The 300th bobcat was captured recently as part of the National Park Sevice's longest-running study about the felines.
The study, which started in 1996, studies the impact of urbanization on bobcats' behavior and survival in the Santa Monica Mountains and Simi Hills. As part of the study, biologists capture and sedate the bobcats, affix radio collars, record measurements and take blood and tissue samples for analysis.
The majority of the 300 bobcats in the study were captured in the communities of Thousand Oaks, Westlake Village and Agoura Hills.
“One of the most striking findings from this study is the discovery of a deadly mange epidemic, as well as a correlated exposure to anti-coagulant rat poisons,” said Joanne Moriarty, an ecologist for Santa Monica Mountains National Recreation Area.
Mange, which is caused by a microscopic parasitic mite, is a severe skin condition that can lead to death in bobcats. The disease was first detected in 2001 by researchers from the Santa Monica Mountains National Recreation Area.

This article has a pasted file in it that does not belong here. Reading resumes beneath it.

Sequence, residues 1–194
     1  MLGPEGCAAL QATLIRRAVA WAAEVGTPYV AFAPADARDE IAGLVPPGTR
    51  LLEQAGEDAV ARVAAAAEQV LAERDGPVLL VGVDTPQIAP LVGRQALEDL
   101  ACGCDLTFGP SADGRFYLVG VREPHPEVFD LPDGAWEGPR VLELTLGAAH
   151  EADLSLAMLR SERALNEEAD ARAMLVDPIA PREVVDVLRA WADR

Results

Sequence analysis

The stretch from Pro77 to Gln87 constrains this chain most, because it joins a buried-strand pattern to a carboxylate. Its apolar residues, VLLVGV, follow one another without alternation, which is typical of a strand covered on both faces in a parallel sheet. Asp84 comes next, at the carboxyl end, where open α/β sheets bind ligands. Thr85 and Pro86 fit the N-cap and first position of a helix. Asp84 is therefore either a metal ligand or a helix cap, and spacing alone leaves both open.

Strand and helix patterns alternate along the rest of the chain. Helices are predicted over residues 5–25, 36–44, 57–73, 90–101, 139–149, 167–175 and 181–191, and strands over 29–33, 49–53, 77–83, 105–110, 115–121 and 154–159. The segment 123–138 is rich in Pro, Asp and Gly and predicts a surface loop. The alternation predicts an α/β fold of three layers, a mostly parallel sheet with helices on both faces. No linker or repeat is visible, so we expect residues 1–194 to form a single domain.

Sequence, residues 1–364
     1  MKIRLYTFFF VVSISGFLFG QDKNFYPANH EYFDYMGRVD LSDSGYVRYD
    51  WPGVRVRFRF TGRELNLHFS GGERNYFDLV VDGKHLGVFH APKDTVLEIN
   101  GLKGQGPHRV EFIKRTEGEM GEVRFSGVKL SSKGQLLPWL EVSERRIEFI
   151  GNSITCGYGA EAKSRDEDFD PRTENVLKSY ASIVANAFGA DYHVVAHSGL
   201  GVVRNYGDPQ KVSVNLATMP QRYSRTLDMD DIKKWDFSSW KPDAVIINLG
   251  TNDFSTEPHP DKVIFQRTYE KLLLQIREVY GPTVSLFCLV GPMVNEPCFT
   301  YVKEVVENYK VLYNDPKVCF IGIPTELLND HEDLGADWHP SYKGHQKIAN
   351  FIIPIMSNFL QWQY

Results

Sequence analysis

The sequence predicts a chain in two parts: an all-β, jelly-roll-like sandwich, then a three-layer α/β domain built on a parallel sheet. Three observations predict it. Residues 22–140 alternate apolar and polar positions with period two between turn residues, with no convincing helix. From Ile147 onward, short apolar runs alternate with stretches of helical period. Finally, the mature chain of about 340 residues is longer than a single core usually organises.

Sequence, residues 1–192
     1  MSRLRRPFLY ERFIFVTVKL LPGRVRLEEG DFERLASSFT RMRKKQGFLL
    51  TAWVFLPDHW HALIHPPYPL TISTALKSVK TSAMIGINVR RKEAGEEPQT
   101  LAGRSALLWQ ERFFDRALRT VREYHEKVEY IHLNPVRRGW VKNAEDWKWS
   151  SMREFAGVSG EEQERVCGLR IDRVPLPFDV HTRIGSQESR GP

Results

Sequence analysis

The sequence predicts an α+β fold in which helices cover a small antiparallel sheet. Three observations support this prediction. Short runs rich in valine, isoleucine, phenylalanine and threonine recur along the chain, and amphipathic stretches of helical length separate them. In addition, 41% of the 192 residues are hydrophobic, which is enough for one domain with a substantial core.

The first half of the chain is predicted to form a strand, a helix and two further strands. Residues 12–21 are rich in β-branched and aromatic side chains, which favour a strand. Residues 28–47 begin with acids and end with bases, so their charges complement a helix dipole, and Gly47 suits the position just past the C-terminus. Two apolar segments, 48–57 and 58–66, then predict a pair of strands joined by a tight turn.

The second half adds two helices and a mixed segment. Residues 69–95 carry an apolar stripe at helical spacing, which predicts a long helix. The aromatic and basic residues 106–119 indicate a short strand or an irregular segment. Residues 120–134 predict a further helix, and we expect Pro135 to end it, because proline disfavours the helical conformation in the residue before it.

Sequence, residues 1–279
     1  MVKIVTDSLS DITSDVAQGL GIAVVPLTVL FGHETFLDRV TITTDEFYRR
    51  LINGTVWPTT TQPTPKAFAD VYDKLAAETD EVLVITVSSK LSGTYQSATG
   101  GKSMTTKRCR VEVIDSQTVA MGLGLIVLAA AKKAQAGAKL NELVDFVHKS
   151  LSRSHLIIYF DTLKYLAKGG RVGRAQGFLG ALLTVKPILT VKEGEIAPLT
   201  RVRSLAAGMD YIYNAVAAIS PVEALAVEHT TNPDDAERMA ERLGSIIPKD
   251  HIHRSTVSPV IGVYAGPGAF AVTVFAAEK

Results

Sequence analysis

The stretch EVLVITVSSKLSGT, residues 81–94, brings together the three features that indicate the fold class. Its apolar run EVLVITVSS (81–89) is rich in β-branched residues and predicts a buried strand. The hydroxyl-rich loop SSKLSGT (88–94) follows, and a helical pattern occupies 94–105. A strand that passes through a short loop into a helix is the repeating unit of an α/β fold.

The disease peaked between 2003 and 2006 in the Simi Hills area, when more than 50 percent of bobcats being monitored by radio collars died from the condition.
Ten years later, bobcats seem to be remerging and researchers are continuing to study the impact of ingested rat poison on the felines.
Recently, the CVS store in Malibu took rat poison off its shelves.